At the time of the Dec. 30, 2011 contract, however, the country is under military control, and the SCAF is accused of widespread abuses. General Dynamics Ordnance and Tactical Systems did not respond to a request for comment from GlobalPost.
June 24 – Mohamed Morsi is announced as the new president of Egypt, and the first to be democratically elected. But it's not long before he is accused of pushing an Islamist agenda and granting himself authoritarian powers.
Aug. 24 – AICI/Archirodon is awarded a $66.6-million contract for the “design and construction of facility upgrades” for F-16 fighter jets. Egypt was the first Arab country to buy F-16s; since 1979, the country’s F-16 fleet has swelled to over 200 aircraft. They have long been viewed by both countries as a strong political symbol of US-Egyptian relations. Neither AICI nor Archirodon responded to requests for comment from GlobalPost.
Nov. 22 – President Morsi grants himself absolute power to issue any law or decision without judicial review. The power grab enrages many Egyptians, prompting protests. Two weeks later, Morsi rescinds his decree, but the damage is already done.
Dec. 3 – The Defense Department awards General Dynamics Land Systems a $37.6-million contract for the modification of an already existing contract to help Cairo’s military tank plant produce M1A1 Abrams tanks. Peter Keating, director of communications at General Dynamics Land Systems, told GlobalPost that the contract was intended to provide technical support and assistance to Egyptian workers. The American workers stationed in Egypt to carry out this contract will later be sent home following the State Department’s October 2013 announcement of a partial cut to US military aid, according to Keating.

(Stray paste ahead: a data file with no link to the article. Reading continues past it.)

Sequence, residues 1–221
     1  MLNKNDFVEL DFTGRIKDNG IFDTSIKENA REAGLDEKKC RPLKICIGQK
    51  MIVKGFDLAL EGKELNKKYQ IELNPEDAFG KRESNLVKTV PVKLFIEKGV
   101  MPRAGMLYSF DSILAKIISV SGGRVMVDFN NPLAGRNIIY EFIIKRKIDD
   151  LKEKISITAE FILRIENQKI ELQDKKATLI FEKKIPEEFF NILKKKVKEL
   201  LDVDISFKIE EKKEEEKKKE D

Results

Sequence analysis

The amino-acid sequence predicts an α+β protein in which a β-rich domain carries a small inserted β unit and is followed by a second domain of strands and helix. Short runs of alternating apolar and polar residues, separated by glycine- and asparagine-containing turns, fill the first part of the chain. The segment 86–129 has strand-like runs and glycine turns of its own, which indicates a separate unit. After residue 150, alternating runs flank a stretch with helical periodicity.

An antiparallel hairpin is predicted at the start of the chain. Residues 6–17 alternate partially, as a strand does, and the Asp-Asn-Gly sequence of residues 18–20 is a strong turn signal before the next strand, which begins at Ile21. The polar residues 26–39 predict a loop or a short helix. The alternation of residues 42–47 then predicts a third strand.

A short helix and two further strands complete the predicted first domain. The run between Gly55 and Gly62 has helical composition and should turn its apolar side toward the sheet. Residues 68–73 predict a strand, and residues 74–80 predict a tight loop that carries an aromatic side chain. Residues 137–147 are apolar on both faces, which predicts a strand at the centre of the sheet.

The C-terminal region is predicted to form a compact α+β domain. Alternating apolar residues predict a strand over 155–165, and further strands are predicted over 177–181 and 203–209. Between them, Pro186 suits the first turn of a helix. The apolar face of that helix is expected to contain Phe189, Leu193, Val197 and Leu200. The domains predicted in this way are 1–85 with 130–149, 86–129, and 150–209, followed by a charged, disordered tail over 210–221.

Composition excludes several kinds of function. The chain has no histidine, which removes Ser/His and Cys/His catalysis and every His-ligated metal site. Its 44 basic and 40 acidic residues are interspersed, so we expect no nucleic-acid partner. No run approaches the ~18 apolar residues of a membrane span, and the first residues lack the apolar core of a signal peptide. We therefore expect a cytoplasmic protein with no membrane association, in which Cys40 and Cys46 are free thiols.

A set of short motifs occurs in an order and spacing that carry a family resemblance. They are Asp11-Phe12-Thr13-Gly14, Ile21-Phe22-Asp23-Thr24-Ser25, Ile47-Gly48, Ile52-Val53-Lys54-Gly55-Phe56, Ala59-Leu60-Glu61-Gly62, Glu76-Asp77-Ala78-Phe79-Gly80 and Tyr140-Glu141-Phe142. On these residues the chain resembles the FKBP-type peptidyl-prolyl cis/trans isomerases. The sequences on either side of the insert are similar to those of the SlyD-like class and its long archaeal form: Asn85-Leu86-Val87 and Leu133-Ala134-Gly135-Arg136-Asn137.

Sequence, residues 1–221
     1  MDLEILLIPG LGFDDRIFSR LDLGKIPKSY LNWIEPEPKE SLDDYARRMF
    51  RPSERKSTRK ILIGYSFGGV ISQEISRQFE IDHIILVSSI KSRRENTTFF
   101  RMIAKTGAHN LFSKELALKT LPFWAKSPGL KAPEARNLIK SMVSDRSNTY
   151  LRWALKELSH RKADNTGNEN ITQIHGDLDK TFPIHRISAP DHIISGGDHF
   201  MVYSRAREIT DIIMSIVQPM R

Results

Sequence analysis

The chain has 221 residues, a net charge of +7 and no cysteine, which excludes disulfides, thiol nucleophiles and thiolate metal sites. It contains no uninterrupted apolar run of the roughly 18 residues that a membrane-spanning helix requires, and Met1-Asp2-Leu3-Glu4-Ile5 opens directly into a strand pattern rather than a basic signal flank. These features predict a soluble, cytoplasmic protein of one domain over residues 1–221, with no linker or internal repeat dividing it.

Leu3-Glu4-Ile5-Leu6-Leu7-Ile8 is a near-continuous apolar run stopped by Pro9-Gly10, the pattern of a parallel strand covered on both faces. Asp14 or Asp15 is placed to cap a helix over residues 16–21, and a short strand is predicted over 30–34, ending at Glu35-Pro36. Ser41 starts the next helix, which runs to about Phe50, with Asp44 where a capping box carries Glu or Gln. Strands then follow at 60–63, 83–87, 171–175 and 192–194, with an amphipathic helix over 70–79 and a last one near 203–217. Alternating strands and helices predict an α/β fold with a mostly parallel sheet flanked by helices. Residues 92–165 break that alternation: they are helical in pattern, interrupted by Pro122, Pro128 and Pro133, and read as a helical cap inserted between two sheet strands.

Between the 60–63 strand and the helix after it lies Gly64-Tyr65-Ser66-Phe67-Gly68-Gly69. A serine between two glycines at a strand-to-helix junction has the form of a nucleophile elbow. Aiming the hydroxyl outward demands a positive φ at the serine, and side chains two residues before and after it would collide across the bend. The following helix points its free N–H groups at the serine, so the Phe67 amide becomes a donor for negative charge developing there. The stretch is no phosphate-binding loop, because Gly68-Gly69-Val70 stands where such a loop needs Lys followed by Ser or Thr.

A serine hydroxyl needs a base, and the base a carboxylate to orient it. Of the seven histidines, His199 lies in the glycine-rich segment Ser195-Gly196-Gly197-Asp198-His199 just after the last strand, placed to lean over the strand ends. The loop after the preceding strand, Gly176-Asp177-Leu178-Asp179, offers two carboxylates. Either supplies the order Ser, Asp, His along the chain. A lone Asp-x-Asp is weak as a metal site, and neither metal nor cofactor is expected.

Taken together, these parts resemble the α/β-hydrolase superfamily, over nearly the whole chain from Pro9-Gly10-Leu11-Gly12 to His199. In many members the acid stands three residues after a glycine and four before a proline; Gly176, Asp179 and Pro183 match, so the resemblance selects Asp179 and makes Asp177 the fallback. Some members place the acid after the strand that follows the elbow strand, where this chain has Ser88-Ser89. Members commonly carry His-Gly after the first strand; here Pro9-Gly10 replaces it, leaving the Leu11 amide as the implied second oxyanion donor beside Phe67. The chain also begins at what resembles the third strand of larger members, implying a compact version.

Dec. 11 – Lockheed Martin Corp. is awarded a $23.4-million contract to provide portable simulators used to train Egyptian forces in combat gunnery. Lockheed Martin Corp. did not respond to a request for comment from GlobalPost.
June 4 – Amid allegations of “foreign hands” intervening in Egyptian affairs, a criminal court in Cairo convicts 43 NGO workers, including 19 Americans, of illegally receiving foreign funds to operate organizations. In response to the convictions, then-US Secretary of State Hillary Clinton threatens a cut in aid to Egypt.
June 30 – On the one-year anniversary of Morsi’s official inauguration, millions of Egyptians demonstrate across the country, demanding his resignation and the exit of a government accused of backing an Islamist agenda.
July 2 – Just one day before Morsi’s ouster, DRS Radar Systems is granted an $8.1-million contract to provide a border surveillance system to Egypt. While the contract does not offer specifics, the surveillance is likely geared toward Egypt’s most volatile border area near the Gaza Strip and Israel, where the United States has invested millions of dollars in military aid.